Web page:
Deep brain stimulation (DBS) is an effective therapy for medically refractory movement disorders like Parkinson’s disease. The electrodes, implanted in the target area within the human brain, generate an electric field which activates nerve fibers and cell bodies in the vicinity. Even though the different target nuclei display considerable differences in their anatomical structure, only few types of electrodes are currently commercially available. It is desirable to adjust the electric field and in particular the volume of tissue activated around the electrode with respect to the corresponding target nucleus in a such way that side effects can be reduced. Furthermore, a more selective and partial activation of the target structure is desirable for an optimal application of novel stimulation strategies, e.g., coordinated reset neuromodulation. Hence we designed a DBS electrode with a segmented design allowing a more selective activation of the target structure. We created a finite element model (FEM) of the electrode and analyzed the volume of tissue activated for this electrode design. The segmented electrode activated an area in a targeted manner, of which the dimension and position relative to the electrode could be controlled by adjusting the stimulation parameters for each electrode contact. According to our computational analysis, this directed stimulation might be superior with respect to the occurrence of side effects and it enables the application of coordinated reset neuromodulation under optimal conditions.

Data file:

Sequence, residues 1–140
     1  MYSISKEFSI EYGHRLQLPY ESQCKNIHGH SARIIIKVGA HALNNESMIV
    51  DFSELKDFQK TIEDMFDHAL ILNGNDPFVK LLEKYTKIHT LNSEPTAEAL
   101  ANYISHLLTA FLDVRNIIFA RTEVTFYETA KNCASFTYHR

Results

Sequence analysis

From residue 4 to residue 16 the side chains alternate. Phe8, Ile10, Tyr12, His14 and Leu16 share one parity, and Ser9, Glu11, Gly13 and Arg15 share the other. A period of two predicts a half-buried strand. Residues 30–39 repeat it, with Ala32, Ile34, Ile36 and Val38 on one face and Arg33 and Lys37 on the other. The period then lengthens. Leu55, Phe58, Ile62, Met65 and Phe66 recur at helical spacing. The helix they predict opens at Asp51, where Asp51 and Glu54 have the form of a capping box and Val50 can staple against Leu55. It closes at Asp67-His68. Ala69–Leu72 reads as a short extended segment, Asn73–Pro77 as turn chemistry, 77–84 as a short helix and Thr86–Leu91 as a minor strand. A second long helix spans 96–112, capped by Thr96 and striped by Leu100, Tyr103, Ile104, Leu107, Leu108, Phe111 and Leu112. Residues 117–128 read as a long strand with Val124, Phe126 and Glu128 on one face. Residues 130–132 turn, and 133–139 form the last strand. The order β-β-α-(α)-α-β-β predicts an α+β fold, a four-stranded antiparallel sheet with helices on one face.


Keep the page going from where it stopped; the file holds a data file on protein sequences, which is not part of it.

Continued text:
Keywords: deep brain stimulation, electrode, finite element model
Citation: Buhlmann J, Hofmann L, Tass PA and Hauptmann C (2011) Modeling of a segmented electrode for desynchronizing deep brain stimulation. Front. Neuroeng. 4:15. doi: 10.3389/fneng.2011.00015
Received: 19 August 2011;
Paper pending published: 13 September 2011;
Accepted: 21 November 2011; Published online: 08 December 2011.
Edited by:Ulrich G. Hofmann, University of Lübeck, Germany
Reviewed by:Christian K. E. Moll, University Clinic Hamburg-Eppendorf, Germany
Copyright: © 2011 Buhlmann, Hofmann, Tass and Hauptmann. This is an open-access article distributed under the terms of the Creative Commons Attribution Non Commercial License, which permits non-commercial use, distribution, and reproduction in other forums, provided the original authors and source are credited.
*Correspondence: C. Hauptmann, Institute of Neuroscience and Medicine – Neuromodulation, Research Center Jülich, 52425 Jülich, Germany. e-mail: firstname.lastname@example.org